Presentation on theme: "Quitting smoking is always the best option, however, some smokers are not yet ready or willing to quit and continue to inflict harm on themselves and the."— Presentation transcript:
Quitting smoking is always the best option, however, some smokers are not yet ready or willing to quit and continue to inflict harm on themselves and the people around them. The NICE Guidance on Harm Reduction PHG52 offers an alternative approach to working with these smokers through: Half of all long term smokers will die prematurely, losing on average 10 years of life. The best thing smokers can do to protect their health is to quit now, completely and forever. However, not all smokers are ready to take that step. Many smokers are not yet ready to quit While most smokers want to reduce the harm they do to themselves and others, many are not ready to quit. Two thirds of people who smoke say they want to stop but only a little over a third of smokers will try to quit in a given year . Prior to May 2013 and the publication of the NICE Guidance on Harm Reduction there were few options available to health professionals to offer these smokers. Deprived communities have most to gain Smokers who live in high smoking prevalence communities find it harder to quit than others. They have fewer friends and family members who have successfully quit smoking and are more likely to be heavily addicted, which can undermine successful quit attempts. There are particularly high smoking rates among many disadvantaged groups including those on low incomes and those with mental health problems. Sick from smoking but unable to quit Even when diagnosed with a serious health condition such as heart disease, lung cancer or COPD smokers can still find it hard to quit. People living with long term medical conditions which are exacerbated by their smoking sometimes need additional support to enable them to abstain from smoking either completely or at the time of specific medical interventions such as surgery. Supporting people to abstain in this way improves medical outcomes and reduces complications. Poor understanding about NCP Among smokers, health professionals and the general public there are misconceptions about the harm which pure nicotine products can cause. While people smoke for the nicotine it is the tar in tobacco which kills people. A better understanding of the safety of pure nicotine products could improve their level of use which will lead to better outcomes for those trying to quit or cut down. long term provision of licensed nicotine containing products (NCP) for smokers not able to quit in one step cutting down to quit using nicotine containing products temporary abstinence from smoking to protect others and improve outcome of medical interventions 1. Lader D (2009) Smoking-related behaviour and attitudes, 2008/09. Opinions survey report 40 Smoking : Reducing the harm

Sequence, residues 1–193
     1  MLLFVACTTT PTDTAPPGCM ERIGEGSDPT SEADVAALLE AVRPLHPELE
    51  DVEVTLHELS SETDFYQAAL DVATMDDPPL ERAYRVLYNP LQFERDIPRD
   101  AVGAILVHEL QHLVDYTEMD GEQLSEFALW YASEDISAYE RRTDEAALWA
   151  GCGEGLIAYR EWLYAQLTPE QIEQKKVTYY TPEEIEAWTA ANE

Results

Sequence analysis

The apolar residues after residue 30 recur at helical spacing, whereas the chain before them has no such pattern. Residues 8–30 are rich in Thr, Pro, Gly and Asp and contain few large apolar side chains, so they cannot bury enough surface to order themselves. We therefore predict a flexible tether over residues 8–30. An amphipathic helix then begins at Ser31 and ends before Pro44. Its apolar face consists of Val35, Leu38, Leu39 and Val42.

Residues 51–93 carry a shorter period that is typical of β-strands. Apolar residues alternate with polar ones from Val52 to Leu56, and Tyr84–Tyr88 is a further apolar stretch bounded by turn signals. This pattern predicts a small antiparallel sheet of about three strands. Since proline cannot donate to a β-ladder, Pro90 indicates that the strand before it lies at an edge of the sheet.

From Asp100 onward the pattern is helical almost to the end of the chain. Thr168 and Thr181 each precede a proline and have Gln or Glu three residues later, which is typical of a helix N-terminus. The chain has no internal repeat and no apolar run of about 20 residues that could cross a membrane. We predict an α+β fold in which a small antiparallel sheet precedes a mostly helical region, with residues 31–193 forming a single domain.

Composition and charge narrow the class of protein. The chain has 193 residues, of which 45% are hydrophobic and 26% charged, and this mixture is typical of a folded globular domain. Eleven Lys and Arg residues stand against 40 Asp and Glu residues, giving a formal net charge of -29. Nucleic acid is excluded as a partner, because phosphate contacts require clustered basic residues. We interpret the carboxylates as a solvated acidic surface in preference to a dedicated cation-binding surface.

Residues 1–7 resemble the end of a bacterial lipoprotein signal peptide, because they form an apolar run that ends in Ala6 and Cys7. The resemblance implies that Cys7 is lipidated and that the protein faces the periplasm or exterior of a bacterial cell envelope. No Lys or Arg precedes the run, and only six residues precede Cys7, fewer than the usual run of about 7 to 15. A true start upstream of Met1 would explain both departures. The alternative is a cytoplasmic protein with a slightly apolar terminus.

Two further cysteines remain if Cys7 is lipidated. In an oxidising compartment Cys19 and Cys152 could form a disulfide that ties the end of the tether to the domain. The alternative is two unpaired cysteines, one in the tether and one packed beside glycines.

What councils can do The NICE Guidance on Harm Reduction is among the first attempts in the world to set out a structured approach to offering smokers for whom quitting in one step has not been a success an alternative approach. Its purpose is to: 1.Raise awareness of nicotine containing products and ensure that the public and health professionals know the licensed products are effective and safe to use. 2.Provide materials for the public about harm reduction to ensure smokers are aware of the benefits of harm reduction. 3.Provide support to stop smoking services on the delivery of harm reduction while ensuring that their work to support people to quit in one step is not undermined. 4.Highlight the training needs for health staff particularly in relation to their awareness of nicotine containing products and how to support smokers in different circumstances. This is an emerging area for public health and practice continues to be developed. There are many things which could be done to implement the guidance over time but several measures which local areas could implement immediately. These include: 1.Ensure that stop smoking services retain their core role supporting people to quit 2.Provide information to the public, stop smoking service staff, health and council staff. 3.Ensure local stop smoking services welcome smokers who have been independently using harm reduction approaches and provide them with advice in line with NICE Guidance. 4.Target specific high prevalence groups with additional support in line with NICE guidance. 5.Embed a harm reduction approach work on smokefree homes to ensure children are protected from secondhand smoke and that fire risks are reduced. The NICE Guidance on Harm Reduction provides alternative routes for smokers who are not willing or able to engage in quitting in one step. It has the potential to make a difference to the lives of the most disadvantaged groups. It is supported by separate briefings on the following: Smoking: health inequalities Smoking: quitting Smoking: children ASH brief: permitting e-cigarette use on your premises May 2013 Implementation of the guidance
Your consent to our cookies if you continue to use this website.